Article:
The Tokyo 2020 Olympics and Paralympics, postponed until summer 2021, will take place across forty-two venues as the Japanese capital hosts the Games for the second time. The organisers aim to promote unity in diversity, a vision that artist Asao Tokolo had in mind when designing the official emblem and athletes’ podium. He used ichimatsu patterns with different rectangular shapes to symbolise diversity and connection. His styling of traditional Japanese forms and patterns, as described by Hiroko Kurokawa in her chapter in the Encyclopedia of East Asian Design, is reflected in designer Ryo Taniguchi’s indigo blue and pink chequered Olympic and Paralympic mascots, Miraitowa and Someity. From traditional practices to new processes and modernization, Ritsuko Endo’s article in The Bloomsbury Encyclopedia of Design provides a comprehensive guide to the rich history of Japanese design from the 1800s until today.
The Tokyo 1964 Olympics were the first Olympics held in Asia and they had a transformative impact on design in Japan. The occasion initiated new building work, the development of commercial spaces, an increased demand for interior design and new graphic design enterprises. In ‘Modern Design in Japan (1957–1973)’, in the Encyclopedia of East Asian Design, Yasuko Suga traces design developments across post-war Japan and observes the 1964 Olympic designers’ shift from romanticized, pre-war imagery used in previous Games, towards fresh, high-tech visuals. Under the direction of art and design critic Masaru Katsumi (see Hiroko Shikita and Yasuko Suga’s article in The Bloomsbury Encyclopedia of Design), a team of designers including Yoshiro Yamashita, who designed the pictograms, and Yusaku Kamekura, who designed the posters, established a modern visual language. Paddy O’Shea also describes the contrast between pre- and post-war Olympic designs in his encyclopedia article and highlights the different ways in which designers undertake the task of communicating identity.
In the chapter ‘A Space of Pure Possibility’ in Picturing Socialism, author J. R. Jenkins explores the X. Weltfestspiele (10th World Festival Games) in East Berlin and its impact on public art. Taking place in 1973, 37 years after Hitler’s 1936 Olympics, the X. Weltfestspiele was seen as an opportunity to create a positive, politically progressive visual identity and to reinvent public space. Jenkins looks at the inspiration and ambition shared between the designers of the X. Weltfestspiele and the Munich Olympic Games in 1972, providing an in-depth look at the designs of Axel Bertram, Rolf Walter, Lutz Brandt and Otl Aicher. John Patrick Hartnett also gives an overview of Otl Aicher’s life and work in his article in The Bloomsbury Encyclopedia of Design.
Hosting the Olympics involves huge, rapid, urban transformations that can have devastating socio-spatial effects, and are often met with resistance. Jilly Traganou provides a critical overview of the history of anti-Olympic action in East Asia and the creative tactics employed by activists in her chapter, ‘Dissent by Design’, in The Encyclopedia of Asian Design, Volume Four: Transnational and Global Issues in Asian Design. Traganou examines design action involving subversive anti-campaign material, posters, symbolic appropriation, imagery and protest attire, in addition to designs generated through the Hangorin no Kai (No Olympics 2020) movement in Tokyo. Focusing on the Olympic Park in London, Chris Hay and Pat Brown look at the effects of the 2012 Games on local areas in their chapter, ‘Inside Out’, in Flow. Similarly, in Drawing Investigations, authors Sarah Casey and Gerry Davies highlight the work of artist Laura Oldfield Ford who, through the medium of drawing, investigates contested spaces in Britain’s towns and cities.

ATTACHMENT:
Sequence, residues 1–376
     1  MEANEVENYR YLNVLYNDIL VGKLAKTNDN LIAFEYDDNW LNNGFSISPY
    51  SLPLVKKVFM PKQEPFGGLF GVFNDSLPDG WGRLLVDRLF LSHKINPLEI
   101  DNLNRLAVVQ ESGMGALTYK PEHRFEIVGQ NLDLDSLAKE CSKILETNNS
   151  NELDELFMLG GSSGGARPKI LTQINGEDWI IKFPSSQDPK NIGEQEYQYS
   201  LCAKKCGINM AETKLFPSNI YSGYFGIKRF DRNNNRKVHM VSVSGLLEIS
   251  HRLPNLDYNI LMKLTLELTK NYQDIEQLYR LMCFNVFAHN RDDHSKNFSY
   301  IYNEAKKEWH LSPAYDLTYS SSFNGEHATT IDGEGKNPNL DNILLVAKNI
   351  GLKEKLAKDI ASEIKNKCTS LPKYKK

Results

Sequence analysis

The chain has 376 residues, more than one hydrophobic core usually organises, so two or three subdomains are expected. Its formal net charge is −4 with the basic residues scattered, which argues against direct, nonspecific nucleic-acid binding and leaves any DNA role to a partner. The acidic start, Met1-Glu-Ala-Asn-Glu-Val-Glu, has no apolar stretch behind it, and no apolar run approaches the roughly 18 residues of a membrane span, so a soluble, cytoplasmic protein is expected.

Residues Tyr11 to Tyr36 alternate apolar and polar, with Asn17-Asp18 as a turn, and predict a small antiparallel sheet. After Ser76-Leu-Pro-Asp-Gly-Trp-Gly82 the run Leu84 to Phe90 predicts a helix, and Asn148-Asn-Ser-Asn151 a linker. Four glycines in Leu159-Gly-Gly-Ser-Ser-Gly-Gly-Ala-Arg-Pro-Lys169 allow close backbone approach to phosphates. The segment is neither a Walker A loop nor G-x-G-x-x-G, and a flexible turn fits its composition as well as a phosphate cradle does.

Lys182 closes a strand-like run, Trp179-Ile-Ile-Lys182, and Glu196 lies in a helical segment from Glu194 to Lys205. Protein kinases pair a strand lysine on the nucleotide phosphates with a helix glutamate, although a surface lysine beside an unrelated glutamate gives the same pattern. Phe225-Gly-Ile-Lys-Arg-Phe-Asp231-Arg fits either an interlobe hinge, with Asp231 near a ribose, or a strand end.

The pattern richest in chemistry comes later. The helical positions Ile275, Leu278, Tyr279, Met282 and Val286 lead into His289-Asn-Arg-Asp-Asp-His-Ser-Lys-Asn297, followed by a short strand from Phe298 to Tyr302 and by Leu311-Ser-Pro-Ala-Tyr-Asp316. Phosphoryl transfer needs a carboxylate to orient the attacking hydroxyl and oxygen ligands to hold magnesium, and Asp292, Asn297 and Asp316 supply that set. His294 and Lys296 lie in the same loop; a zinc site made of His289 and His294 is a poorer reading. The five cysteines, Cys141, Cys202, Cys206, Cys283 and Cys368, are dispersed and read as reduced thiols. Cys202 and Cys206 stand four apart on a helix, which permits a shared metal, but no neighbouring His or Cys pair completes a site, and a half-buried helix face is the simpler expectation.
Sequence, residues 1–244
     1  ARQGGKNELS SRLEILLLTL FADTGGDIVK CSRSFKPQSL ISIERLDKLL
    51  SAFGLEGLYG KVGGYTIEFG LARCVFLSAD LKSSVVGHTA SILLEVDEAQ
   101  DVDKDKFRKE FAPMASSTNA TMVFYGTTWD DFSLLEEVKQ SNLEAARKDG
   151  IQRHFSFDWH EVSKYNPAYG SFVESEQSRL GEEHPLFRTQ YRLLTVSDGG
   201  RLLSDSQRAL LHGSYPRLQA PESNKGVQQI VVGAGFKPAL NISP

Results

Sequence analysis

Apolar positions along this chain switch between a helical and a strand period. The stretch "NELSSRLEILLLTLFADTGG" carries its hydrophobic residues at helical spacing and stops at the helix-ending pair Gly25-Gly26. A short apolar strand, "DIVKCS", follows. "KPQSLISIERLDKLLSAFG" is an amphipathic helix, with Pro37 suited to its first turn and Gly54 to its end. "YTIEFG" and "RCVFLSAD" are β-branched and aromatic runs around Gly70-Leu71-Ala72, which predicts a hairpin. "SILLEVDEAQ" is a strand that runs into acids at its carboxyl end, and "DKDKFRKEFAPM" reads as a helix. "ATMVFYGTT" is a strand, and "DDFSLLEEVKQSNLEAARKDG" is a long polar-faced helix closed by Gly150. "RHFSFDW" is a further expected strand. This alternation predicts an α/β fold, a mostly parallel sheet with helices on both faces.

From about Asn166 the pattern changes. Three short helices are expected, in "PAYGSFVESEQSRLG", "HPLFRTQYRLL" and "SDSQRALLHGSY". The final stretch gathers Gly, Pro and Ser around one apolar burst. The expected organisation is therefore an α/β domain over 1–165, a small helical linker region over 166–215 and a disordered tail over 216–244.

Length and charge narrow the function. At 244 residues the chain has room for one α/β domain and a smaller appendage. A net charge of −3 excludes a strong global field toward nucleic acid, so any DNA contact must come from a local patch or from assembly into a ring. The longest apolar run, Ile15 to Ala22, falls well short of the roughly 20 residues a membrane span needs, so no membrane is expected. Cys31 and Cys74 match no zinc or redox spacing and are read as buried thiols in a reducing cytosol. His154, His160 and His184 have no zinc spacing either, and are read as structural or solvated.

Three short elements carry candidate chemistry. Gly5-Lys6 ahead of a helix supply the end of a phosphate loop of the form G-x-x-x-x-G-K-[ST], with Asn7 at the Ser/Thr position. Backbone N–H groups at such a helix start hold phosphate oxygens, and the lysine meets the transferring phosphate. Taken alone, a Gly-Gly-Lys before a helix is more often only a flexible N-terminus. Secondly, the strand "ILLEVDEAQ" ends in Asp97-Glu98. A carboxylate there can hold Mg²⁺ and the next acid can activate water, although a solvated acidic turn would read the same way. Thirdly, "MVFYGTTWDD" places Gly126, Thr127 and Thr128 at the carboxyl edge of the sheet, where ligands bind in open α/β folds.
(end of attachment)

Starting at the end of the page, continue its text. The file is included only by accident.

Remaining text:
Yusaku Kamekura (1915-1997) was a hugely influential figure in post-war Japanese graphic design. His work for the 1964 Tokyo Olympics, particularly his bold, photographic posters, are globally recognized and were pivotal in defining Japan’s national visual identity throughout the Games. Kamekura was born in Niigata Prefecture, Japan and later studied at the Institute of New Architecture and Industrial Arts in Tokyo. Inspired by the Art Deco posters of A. M. Cassandre and Russian Constructivism, he went on to produce an array of designs including posters for the Expo ’70 in Osaka (an overview of the first world’s fair in Asia is given by Clive Edwards in his article in The Bloomsbury Encyclopedia of Design). Perhaps Kamekura’s most profoundly moving work was his poster, the first in the Hiroshima Appeals series, featuring flaming, falling butterflies. In 1978, he established and served as president of the Japan Graphic Designers Association (JAGDA) until 1993. As Sonoko Monden writes in The Bloomsbury Encyclopedia of Design, Kamekura was a pioneer who significantly raised the reputation of graphic design in Japan. He died in 1997.
As Raiford Guins describes in his book, Atari Design, Pong was not just a new amusement product designed for an existing market. Innovative cabinet design was key to the success of the table-tennis themed arcade game, a success that shaped a brand, an industry, and spawned an incredible number of clone machines throughout the 1970s. Guins explores how Atari developed their products for new, diverse environments such as restaurants, department stores, country clubs, game rooms and airports, and they even installed machines throughout the Olympic Villages during the Los Angeles Olympics in 1984. Considering shape, materials, form and design, and the contributions of industrial designers including Regan Cheng and Peter Takaichi, Guins looks at how Pong shaped a new gaming experience in the late 20th century.